(CNN) -- Delegates from all over the world descended on Nagoya in Japan on Monday for talks considered crucial to sustaining the future of animal, plant and human life on Earth.
For two weeks, delegates at the 10th meeting (COP10) of the Convention on Biological Diversity will attempt to agree a 20-point plan for the next decade following the comprehensive failure of any government to meet previous targets set out in 2002.
"Nagoya is the main global event to communicate the value of nature and the costs of its loss to the whole world," Pavan Sukhdev, special advisor and head of UNEP's Green Economy Initiative told CNN.
What is the Convention on Biological Diversity?
The U.N.'s Convention on Biological Diversity (CBD) is a legally-binding treaty consisting of 193 members or "Parties" (192 governments plus the European Union).
It was set up at the Earth Summit in Rio de Janeiro in 1992 and came into force in December 1993.
Its stated aims are to conserve and sustain biodiversity, while trying to promote a "fair and equitable" sharing of benefits made from plant and animal life.
Why is the summit so important?
Ecologists and politicians agree that the planet's ecosystems are in crisis. The U.N.'s third Global Biodiversity Outlook (GBO-3) -- published in May 2010 -- painted a depressingly bleak picture of biodiversity loss in recent times.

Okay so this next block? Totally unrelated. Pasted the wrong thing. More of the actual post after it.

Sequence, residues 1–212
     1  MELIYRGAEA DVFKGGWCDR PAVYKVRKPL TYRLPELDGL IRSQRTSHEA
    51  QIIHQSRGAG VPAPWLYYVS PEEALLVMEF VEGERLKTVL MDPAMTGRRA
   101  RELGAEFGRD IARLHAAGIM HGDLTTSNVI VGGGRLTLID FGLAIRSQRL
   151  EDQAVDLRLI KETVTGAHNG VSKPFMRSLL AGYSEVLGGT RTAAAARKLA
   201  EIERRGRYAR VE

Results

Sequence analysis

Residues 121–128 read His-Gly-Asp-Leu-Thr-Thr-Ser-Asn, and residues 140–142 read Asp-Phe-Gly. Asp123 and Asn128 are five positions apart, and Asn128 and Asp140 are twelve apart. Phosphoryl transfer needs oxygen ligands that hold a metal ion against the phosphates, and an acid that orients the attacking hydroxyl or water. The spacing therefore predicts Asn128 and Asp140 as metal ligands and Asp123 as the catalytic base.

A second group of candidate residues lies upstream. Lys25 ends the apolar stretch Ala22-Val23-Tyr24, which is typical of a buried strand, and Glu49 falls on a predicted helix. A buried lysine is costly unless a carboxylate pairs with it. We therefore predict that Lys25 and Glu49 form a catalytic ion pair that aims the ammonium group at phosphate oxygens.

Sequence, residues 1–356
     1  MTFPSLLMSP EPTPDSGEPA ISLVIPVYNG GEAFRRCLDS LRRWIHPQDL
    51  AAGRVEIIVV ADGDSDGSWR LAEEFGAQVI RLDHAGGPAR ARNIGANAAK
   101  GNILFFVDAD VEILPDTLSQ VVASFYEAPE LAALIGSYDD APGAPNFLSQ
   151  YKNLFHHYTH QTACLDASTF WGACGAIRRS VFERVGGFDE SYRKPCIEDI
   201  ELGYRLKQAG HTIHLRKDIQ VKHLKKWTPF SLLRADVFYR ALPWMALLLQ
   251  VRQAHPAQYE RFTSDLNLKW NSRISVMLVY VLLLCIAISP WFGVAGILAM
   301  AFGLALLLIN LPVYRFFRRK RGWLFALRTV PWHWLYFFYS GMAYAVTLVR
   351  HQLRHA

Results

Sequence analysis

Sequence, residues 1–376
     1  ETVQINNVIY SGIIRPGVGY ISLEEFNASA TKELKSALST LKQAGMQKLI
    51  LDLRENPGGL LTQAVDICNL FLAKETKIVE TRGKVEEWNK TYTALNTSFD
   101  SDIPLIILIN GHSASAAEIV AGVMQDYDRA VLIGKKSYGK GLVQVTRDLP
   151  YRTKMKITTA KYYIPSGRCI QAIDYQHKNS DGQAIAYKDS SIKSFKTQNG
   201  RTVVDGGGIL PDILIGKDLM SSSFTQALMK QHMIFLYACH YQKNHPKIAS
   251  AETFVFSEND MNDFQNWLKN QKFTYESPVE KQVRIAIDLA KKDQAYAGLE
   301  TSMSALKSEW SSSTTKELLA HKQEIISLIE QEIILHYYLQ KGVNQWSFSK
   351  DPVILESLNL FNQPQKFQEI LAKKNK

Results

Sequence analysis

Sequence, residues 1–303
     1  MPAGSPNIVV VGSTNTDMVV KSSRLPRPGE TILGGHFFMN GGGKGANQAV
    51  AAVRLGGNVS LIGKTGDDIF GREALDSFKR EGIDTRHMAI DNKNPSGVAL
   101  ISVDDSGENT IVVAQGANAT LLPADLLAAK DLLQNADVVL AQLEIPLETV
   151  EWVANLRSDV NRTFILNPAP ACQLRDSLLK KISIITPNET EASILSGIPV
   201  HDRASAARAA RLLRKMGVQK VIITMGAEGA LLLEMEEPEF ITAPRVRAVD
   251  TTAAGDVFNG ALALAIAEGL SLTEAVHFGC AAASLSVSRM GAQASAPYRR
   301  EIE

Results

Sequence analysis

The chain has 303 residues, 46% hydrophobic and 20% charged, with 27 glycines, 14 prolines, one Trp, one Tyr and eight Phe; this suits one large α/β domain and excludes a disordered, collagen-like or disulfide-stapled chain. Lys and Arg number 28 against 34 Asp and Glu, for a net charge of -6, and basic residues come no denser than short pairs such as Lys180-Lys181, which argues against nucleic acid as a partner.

"Alarming" declines in natural habitats (freshwater wetlands, sea ice, salt marshes, coral reefs), vertebrate species (down by a third in the past 35 years) and genetic diversity were recorded.
The targets set out in 2002 to achieve "a significant reduction of the current rate of biodiversity loss at the global, regional and national level..." by 2010 were not met by any government, the report said.
The losses were, concluded GBO-3, of "profound concern" which has "major implications for current and future well-being."
More recently, WWF's biennial Living Planet report published in October said "our demand on natural resources has doubled since 1966, and globally, we are using the equivalent of 1.5 planets to support our activities."
What's being discussed in Nagoya?
The primary goal is to agree a new 20-point Strategic Plan for the next decade (2011- 2020) setting new targets for conservation and sustainable uses of biodiversity, as well as fleshing out a long-term vision up to 2050.
In addition, delegates will try to finalize a protocol on Access and Benefit-sharing (ABS) -- the equitable sharing of benefits from the world's genetic resources.
Jim Leape, director general of WWF said a protocol on ABS which "recognizes the interests of the biodiversity-rich countries and ensures the rights of indigenous peoples...is long overdue."
The results of "The Economics of Ecosystems and Biodiversity" (TEEB) study will also be presented in Nagoya. Governments will be urged to endorse and implement TEEB's recommendations.
The three-year study has investigated ways of placing economic values on some of the services nature provides (e.g. natural flood defenses, like mangroves and crop pollination).
At the convention, the United Nations also plans to launch a new independent international body charged with monitoring biodiversity.